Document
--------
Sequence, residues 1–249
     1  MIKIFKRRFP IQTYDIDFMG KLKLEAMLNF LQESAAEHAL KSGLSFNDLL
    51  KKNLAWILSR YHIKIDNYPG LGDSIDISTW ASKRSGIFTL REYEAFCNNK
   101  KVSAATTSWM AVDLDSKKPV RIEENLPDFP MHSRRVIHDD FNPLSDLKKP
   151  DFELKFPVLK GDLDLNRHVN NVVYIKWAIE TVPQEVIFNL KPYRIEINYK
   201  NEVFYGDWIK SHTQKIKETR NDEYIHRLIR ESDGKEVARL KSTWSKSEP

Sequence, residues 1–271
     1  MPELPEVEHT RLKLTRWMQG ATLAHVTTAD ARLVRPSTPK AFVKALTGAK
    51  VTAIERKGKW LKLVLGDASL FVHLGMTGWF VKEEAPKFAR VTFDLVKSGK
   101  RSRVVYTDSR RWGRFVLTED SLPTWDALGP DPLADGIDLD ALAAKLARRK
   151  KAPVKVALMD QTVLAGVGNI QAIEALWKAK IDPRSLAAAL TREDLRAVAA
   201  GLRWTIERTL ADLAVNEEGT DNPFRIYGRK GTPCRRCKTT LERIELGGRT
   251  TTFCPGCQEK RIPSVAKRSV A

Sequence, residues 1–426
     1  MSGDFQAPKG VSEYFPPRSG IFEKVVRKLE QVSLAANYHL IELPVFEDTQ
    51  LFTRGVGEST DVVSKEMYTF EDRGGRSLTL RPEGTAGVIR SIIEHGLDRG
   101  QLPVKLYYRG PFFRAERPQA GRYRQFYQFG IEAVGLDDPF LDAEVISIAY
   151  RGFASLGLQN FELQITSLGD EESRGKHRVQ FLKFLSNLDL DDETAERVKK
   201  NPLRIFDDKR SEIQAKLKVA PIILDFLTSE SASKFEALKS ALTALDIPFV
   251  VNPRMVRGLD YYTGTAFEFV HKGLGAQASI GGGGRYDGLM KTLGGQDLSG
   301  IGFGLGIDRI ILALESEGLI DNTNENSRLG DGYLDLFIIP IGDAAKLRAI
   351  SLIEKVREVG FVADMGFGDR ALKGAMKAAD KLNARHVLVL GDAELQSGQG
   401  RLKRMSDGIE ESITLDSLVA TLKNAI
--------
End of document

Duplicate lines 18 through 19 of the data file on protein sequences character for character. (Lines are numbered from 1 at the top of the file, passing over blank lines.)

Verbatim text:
   151  RGFASLGLQN FELQITSLGD EESRGKHRVQ FLKFLSNLDL DDETAERVKK
   201  NPLRIFDDKR SEIQAKLKVA PIILDFLTSE SASKFEALKS ALTALDIPFV